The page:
Shortly after the first Amazon Kindle tablet was released in November, 2011, hackers rooted the tablet and then started installing custom firmware replacing Amazon’s firmware with other versions of Android. Now that the 2nd generation Kindle Fire and the Kindle Fire HD are shipping, hackers are finding it a slightly tougher nut to crack.
Unlike the original Kindle Fire, the new models ship with locked bootloaders.
That doesn’t mean you won’t be able to root the tablet — you don’t need access to the bootloader to run unsigned code, install the Google Play Store, or make other changes.
But it does mean that it will be much tougher to install CyanogenMod or other custom ROMs on the Kindle Fire HD or other new models than it was with the original. Tougher… but not impossible. The B&N NOOK Tablet also has a locked bootloader, but hackers figured out a way to work around it by activating a 2nd bootloader which lets you load custom ROMs such as CyanogenMod 10.
But even if that sort of thing is possible with the new Kindle Fire tablets, it will probably take more work than simply installing ROMs on a device with an unlocked bootloader.
Amazon’s move isn’t surprising. The company is selling Kindle Fire tablets at or near the price it costs to build them. Amazon doesn’t expect to make money on hardware sales. Instead, the retailer makes money when customers buy eBooks, music, movies, apps, and other digital content for the Kindle Fire. So if you buy one and then proceed to replace Amazon’s operating system (and digital content stores) with custom ROMs and alternate app stores, Amazon doesn’t make much money, if any at all.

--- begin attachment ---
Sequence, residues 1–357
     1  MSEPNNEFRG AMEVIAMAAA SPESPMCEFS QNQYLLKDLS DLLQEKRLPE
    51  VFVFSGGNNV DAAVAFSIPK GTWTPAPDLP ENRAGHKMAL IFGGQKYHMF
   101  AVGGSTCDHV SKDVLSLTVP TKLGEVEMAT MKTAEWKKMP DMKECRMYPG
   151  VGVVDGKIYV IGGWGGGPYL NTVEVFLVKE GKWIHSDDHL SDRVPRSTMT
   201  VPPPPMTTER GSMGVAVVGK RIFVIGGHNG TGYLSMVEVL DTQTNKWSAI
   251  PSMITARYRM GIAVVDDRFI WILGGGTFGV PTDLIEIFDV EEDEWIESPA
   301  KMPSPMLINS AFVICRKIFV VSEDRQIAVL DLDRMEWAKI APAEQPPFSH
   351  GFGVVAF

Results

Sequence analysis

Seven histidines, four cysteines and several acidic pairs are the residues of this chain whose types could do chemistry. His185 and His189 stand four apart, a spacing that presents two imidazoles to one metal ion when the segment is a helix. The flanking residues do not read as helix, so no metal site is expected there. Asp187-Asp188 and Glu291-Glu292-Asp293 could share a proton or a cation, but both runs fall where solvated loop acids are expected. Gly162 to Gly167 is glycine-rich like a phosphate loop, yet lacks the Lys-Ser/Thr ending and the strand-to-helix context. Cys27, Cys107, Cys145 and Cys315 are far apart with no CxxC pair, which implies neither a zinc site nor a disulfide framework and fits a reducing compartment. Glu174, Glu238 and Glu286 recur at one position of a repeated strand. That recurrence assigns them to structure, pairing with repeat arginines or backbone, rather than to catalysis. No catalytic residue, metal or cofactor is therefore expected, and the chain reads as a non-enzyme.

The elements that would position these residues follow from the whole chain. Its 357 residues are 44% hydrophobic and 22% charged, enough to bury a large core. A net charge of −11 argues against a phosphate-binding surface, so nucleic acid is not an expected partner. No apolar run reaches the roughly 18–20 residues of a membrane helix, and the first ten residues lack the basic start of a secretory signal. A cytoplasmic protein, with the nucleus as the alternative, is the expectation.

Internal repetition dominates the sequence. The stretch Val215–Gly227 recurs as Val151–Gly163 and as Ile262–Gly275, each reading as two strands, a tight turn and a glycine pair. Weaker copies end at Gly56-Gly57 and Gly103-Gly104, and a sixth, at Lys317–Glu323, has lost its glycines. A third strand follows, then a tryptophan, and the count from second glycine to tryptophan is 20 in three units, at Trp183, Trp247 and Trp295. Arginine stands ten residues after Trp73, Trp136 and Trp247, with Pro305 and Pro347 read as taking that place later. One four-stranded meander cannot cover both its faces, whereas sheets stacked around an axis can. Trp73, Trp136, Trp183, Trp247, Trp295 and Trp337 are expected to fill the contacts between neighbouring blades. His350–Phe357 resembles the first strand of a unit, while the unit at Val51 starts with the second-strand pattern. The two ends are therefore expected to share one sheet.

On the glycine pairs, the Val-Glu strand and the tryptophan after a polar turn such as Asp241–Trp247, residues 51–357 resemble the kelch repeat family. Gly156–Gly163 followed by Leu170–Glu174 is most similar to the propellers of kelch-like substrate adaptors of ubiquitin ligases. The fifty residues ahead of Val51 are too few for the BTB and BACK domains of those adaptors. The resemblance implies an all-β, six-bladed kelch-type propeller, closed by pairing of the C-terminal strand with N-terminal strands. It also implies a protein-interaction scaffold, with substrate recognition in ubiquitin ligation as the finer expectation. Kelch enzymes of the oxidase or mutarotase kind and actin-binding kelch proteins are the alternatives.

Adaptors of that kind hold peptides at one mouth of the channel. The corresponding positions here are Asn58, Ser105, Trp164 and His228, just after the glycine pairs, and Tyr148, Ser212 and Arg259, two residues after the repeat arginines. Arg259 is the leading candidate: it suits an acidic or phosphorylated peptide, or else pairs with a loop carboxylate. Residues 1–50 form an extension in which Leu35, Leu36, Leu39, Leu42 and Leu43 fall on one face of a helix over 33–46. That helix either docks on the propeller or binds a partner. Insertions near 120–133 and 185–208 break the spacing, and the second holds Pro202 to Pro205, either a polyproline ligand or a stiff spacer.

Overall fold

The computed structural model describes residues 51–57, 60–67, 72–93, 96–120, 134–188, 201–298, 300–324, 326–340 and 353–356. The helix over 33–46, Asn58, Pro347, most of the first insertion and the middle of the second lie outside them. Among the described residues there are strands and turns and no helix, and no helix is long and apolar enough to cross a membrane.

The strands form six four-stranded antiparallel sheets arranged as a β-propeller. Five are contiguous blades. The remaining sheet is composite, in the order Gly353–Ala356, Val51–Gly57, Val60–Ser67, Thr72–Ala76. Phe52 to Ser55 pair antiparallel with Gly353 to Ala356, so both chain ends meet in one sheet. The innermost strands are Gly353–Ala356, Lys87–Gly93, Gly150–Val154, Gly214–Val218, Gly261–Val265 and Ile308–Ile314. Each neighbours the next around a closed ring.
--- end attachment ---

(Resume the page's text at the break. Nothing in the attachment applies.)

But while the Kindle Fire may be a digital delivery, advertising, and content machine for Amazon services, it’s also a pretty nice piece of hardware with a good screen, reasonably fast processor, and other features that you’d often find in more expensive tablets. So I’d also be surprised if hackers didn’t try to turn the Kindle Fire into a cheap general purpose tablet.